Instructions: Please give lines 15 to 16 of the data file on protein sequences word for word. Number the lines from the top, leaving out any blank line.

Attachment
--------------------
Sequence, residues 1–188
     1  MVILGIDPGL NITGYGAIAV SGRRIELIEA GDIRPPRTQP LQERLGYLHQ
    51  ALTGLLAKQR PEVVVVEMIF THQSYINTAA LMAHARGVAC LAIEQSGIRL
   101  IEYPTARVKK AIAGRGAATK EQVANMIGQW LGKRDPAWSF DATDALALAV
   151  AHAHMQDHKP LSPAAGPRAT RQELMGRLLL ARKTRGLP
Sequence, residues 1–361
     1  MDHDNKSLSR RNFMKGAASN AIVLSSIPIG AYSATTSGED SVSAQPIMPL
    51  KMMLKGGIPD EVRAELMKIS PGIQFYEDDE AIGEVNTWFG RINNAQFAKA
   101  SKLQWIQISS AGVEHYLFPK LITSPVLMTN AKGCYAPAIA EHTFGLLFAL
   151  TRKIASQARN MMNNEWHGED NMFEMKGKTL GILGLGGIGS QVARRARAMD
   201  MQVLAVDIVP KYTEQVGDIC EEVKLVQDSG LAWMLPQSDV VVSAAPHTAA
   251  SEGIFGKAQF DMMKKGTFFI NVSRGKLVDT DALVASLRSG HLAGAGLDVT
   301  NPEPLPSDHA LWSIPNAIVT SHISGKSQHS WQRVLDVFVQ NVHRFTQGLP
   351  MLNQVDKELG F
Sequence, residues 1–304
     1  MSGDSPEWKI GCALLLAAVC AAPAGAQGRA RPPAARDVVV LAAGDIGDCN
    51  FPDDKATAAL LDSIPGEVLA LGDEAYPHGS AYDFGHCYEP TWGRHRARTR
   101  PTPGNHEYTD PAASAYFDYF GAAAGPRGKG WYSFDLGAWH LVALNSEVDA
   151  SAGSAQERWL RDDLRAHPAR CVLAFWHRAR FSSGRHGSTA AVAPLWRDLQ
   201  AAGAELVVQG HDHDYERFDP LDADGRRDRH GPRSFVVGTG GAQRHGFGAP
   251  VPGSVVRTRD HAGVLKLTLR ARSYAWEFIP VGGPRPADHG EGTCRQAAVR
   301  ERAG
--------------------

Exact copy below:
Sequence, residues 1–304
     1  MSGDSPEWKI GCALLLAAVC AAPAGAQGRA RPPAARDVVV LAAGDIGDCN